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Environment Minister Catherine Mckenna answers a question during Question Period in the House of Commons on Parliament Hill in Ottawa on Thursday, May 12, 2016.


As Canada's Environment Minister pushes forward plans to dramatically cut carbon emissions, she is lashing out at "gender climate deniers" who fail to acknowledge that in a warming world, women fare worse.

Such people are a "grouchy subcategory" of climate deniers, Catherine McKenna said after hearing from outraged critics on social media who mocked the notion that "climate change is sexist."

Ms. McKenna advocated for greater recognition of the gender dimension to climate in Tokyo this weekend at a G7 environment ministers meeting, where leaders agreed to push for early entry into force of the Paris climate agreement – although she suggested that may not happen by year's end. She was joined in Japan by Vancouver Mayor Gregor Robertson to discuss the role of cities in climate change; Vancouver wants more federal transit funding.

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But Ms. McKenna sparked debate at home when she brought the argument on women and global warming to Twitter.

Did you know, the former lawyer wrote, that climate change "is not gender neutral? Women are more vulnerable to the effects of climate change than men."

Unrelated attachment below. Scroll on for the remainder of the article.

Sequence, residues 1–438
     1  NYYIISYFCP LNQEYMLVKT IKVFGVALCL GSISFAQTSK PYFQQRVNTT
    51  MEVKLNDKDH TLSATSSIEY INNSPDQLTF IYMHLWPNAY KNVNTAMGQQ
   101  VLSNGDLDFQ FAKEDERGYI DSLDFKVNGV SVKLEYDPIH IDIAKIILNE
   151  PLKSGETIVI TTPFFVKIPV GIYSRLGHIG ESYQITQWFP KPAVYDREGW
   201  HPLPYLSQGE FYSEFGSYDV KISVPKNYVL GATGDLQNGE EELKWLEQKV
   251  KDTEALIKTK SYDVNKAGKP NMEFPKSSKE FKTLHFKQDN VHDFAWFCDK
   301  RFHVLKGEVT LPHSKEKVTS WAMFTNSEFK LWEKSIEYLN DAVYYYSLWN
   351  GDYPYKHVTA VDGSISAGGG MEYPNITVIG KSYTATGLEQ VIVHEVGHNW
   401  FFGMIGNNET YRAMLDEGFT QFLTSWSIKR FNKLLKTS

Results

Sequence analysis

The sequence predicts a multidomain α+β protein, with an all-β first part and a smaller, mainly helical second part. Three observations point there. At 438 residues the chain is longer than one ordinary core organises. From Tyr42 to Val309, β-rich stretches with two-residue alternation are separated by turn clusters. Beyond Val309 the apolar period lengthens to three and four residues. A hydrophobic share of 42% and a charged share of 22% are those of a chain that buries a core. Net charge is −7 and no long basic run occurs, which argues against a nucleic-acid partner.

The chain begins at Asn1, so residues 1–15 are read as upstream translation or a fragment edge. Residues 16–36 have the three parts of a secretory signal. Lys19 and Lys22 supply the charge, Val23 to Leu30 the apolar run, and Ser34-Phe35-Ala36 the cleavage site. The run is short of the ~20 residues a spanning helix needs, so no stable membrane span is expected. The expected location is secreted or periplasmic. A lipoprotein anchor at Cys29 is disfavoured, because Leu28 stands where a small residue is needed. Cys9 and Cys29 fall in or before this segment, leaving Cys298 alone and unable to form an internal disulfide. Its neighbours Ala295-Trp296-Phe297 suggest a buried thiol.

The response was swift, and angry.

"Is it April 1st already? Our 'leaders' actually think like this?" one person wrote back on Twitter. Another asked: "Do Liberal MPs have a bet to see who can sound the stupidest? Cause you just took the lead."

In an interview Monday, Ms. McKenna said she was "surprised by the vehemence of some people's comments," but said it's time the world "recognize that as we develop polices, we look at how do we support women, how do we support women's rights. That's a theme of our government – it's been set by the top by the Prime Minister. And I think it's a key piece in the climate discussions which is sometimes lost."

Ms. McKenna pointed to a United Nations fact sheet that lists how women's "unequal access to resources and to decision-making processes" leaves them less mobile and therefore more vulnerable. The large numbers of female farmers in developing countries, meanwhile, are uniquely susceptible to climate changes that make "traditional food sources become more unpredictable and scarce. Women face loss of income as well as harvests – often their sole sources of food and income," the UN says.

Though formally charged with Environment and Climate Change Canada, Ms. McKenna has emerged as a prominent voice on women and family issues, pledging to turn off her BlackBerry every night between 5:30 and 8 p.m., a stance that has won her praise from people like philanthropist Melinda Gates.

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On the gender dimension to climate change, Ms. McKenna echoed Prime Minister Justin Trudeau's blunt statement that he selected a gender-balanced cabinet "because it's 2015."

"It's just true," Ms. McKenna said.

But elements of the argument do not hold up well to scrutiny, including the notion that women are poorer than men, and therefore more vulnerable.